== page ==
This content was originally published on The Resilience Shift website. The Resilience Shift, a 5-year programme supported by Lloyd’s Register Foundation and hosted by Arup, transitioned at the end of 2021 to become Resilience Rising. You can read more about The Resilience Shift’s journey and the transition to Resilience Rising here.
In the beautiful Thermaikos Gulf in the northwest corner of the Aegean Sea, Thessaloniki is Greece’s second largest city and home to 1.12 million people.
Part of the Hellenistic, Roman, Byzantine and Ottoman empires, this area has been home to human communities since 315 BC. Its long history has led to a diversity of architectural styles and historic sites though much of the area was destroyed and then rebuilt after the Great Fire of 1917. With close cultural and economic ties to its neighbours and a strong Jewish history, Thessaloniki’s multicultural streets are full of life and vibrancy – a city easy to fall in love with.
Thessaloniki is one of the eight cities that has contributed to the development of the City Water Resilience Approach.
As Greece’s second largest port, it provides Europe easy access to the Balkans and the Black Sea whilst bringing in 293 million USD annually. Due to austerity measures, Thessaloniki’s 2 million tourists and 150,000 students have also become increasingly important to sustain the city’s economy.
During the last decades, and especially before the development of the Aliakmon River water treatment plant, Thessaloniki has often suffered from water scarcity due to water demand from increasing populations and the city’s water system is particularly challenged by agriculture and energy where it is struggling to meet demand. In the Central Macedonian Region, irrigation water-use accounts for 85% of all water uses. Water-intensive crops, such as rice, account for high volumes of irrigation water and many issues with nearby agriculture are outside the jurisdiction of the municipalities.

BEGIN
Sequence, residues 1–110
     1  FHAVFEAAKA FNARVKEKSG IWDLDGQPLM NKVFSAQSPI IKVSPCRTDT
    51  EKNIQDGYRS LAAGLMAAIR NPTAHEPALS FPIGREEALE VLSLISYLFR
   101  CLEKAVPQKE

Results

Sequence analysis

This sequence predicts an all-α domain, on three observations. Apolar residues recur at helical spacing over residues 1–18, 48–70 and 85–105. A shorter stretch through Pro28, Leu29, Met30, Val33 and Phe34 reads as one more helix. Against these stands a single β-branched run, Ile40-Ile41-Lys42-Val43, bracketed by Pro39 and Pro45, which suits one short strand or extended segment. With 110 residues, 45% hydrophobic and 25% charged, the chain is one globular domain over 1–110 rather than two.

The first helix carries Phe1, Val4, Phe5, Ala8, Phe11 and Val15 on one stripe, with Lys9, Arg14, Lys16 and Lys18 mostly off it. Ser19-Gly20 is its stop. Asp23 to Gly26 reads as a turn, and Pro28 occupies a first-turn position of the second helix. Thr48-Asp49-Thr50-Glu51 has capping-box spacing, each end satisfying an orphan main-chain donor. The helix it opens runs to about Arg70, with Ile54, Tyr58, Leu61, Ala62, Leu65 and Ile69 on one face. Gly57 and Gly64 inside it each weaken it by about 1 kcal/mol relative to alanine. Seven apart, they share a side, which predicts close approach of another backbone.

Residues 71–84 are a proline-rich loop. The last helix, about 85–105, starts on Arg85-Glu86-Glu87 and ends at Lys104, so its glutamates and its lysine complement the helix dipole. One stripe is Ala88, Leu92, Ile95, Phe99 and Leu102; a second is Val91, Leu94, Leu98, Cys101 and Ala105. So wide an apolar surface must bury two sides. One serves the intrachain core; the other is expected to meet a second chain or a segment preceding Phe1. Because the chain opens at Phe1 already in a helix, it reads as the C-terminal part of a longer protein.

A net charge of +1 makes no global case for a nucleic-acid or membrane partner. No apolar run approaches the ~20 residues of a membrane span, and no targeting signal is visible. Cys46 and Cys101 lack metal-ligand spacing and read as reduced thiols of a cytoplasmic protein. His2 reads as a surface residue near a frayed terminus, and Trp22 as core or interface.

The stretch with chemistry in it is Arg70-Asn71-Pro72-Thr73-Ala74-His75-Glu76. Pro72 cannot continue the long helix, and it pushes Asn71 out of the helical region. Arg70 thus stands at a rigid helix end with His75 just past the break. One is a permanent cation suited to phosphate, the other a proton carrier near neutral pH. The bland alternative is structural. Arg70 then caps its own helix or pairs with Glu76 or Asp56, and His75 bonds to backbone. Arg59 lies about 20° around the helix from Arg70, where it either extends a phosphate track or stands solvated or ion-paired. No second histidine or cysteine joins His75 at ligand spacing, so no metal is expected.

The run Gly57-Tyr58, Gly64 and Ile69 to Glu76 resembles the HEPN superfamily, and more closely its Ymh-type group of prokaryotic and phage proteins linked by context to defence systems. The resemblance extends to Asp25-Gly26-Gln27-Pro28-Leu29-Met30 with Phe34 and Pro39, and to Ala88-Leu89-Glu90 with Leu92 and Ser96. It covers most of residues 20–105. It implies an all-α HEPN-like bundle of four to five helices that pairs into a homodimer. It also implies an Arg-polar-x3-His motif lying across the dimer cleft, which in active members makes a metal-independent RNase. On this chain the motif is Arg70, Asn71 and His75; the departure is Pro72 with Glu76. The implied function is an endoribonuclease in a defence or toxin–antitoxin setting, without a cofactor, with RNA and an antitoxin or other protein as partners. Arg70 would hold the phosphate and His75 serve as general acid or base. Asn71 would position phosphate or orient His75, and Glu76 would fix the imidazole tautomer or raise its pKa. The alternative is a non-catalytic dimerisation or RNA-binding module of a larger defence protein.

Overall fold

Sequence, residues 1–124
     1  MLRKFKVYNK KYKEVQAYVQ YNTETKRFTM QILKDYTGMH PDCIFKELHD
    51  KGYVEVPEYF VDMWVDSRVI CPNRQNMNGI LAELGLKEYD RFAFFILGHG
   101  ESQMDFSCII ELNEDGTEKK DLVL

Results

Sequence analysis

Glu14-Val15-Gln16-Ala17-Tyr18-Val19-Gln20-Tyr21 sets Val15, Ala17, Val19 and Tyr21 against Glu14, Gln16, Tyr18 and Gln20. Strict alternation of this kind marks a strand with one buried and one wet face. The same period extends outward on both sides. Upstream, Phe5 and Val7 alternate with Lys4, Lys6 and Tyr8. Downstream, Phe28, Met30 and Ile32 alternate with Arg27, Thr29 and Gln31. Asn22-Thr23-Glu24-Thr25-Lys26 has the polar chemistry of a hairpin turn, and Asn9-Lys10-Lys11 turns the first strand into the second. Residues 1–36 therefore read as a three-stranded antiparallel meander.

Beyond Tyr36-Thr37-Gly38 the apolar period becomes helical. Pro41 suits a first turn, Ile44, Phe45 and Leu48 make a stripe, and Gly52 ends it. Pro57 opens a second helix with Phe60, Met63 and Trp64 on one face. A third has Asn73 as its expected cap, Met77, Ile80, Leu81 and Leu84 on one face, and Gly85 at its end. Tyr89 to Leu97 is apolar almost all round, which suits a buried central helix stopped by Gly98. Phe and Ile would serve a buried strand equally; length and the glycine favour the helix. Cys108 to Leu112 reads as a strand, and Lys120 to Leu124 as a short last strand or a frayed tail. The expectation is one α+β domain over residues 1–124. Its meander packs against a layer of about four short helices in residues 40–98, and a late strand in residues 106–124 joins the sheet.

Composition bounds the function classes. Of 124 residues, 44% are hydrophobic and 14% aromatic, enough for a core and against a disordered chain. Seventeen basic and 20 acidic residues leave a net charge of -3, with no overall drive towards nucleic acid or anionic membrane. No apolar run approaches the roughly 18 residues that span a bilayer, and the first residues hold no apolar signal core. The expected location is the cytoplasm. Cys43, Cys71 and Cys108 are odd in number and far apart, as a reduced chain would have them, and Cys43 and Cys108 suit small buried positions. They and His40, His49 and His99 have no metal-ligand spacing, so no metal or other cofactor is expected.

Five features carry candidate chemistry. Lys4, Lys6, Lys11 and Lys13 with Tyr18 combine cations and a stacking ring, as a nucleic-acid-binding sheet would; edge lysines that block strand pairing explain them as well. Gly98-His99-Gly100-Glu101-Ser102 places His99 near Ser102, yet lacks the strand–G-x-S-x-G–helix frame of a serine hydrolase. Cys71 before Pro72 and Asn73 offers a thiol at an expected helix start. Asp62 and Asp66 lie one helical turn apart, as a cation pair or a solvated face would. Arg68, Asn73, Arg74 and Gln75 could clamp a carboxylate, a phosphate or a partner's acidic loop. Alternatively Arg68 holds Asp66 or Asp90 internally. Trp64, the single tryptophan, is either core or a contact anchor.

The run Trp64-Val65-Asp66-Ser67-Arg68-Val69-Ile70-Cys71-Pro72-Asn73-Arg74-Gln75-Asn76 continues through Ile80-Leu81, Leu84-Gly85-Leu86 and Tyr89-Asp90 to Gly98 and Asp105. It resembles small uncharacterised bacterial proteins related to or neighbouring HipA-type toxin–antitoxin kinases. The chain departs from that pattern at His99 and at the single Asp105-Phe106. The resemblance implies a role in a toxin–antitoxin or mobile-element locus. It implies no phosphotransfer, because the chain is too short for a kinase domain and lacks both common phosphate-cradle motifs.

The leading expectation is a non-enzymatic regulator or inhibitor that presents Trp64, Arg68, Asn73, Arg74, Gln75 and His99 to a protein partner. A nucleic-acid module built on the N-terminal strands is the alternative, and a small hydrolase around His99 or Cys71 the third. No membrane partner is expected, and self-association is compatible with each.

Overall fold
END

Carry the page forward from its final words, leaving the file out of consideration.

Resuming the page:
The Axios River is transboundary, with 83% in the Republic of North Macedonia, which has built eleven hydropower dams along the river within its borders, upstream of Greece.
Many areas within the City of Thessaloniki have experienced historic flooding and poor regulation of past urban development has resulted in a combined sewer system that cannot handle peak flows during flooding. This was most recently demonstrated during the massive surface flooding earlier in 2018 that flooded the under construction metro lines. The Axios-Loudias-Aliakmonas Delta is prone to flooding and the industrial zone of Greater Thessaloniki is in a high-risk flood zone.
Extensive surface flooding in 2009 and 2014 showed that flood mitigation infrastructure needs to improve, with damage to housing and critical infrastructure. Coupled with a shortfall of critical infrastructure, inadequate governance, pollution, aging infrastructure, limited funding and investment, and illegal connections, these hinder the resilience of the city.
In addition to several water resilience programmes that Thessaloniki stakeholders are working with, the city is part of the 100 Resilient Cities (100RC) network. It has produced the Thessaloniki Resilience Strategy which is currently being implemented. Within this context Thessaloniki was selected as one of the eight cities contributing to the development of the City Water Resilience Approach, an engagement co-led by the Thessaloniki Resilience team and 100RC and supported by the Water Supply and Sewerage Company of Thessaloniki.
Research was undertaken into the water resilience of Thessaloniki through a detailed review of literature, surveys, and consultation with key water stakeholders.
Now the results of this research and its contribution to the City Water Resilience Approach are published as the City Characterisation Report for Thessaloniki. The document sets out the general factors of water resilience for Thessaloniki and those that would positively contribute to the resilience of the city’s urban water system.
More about the City Water Resilience Approach.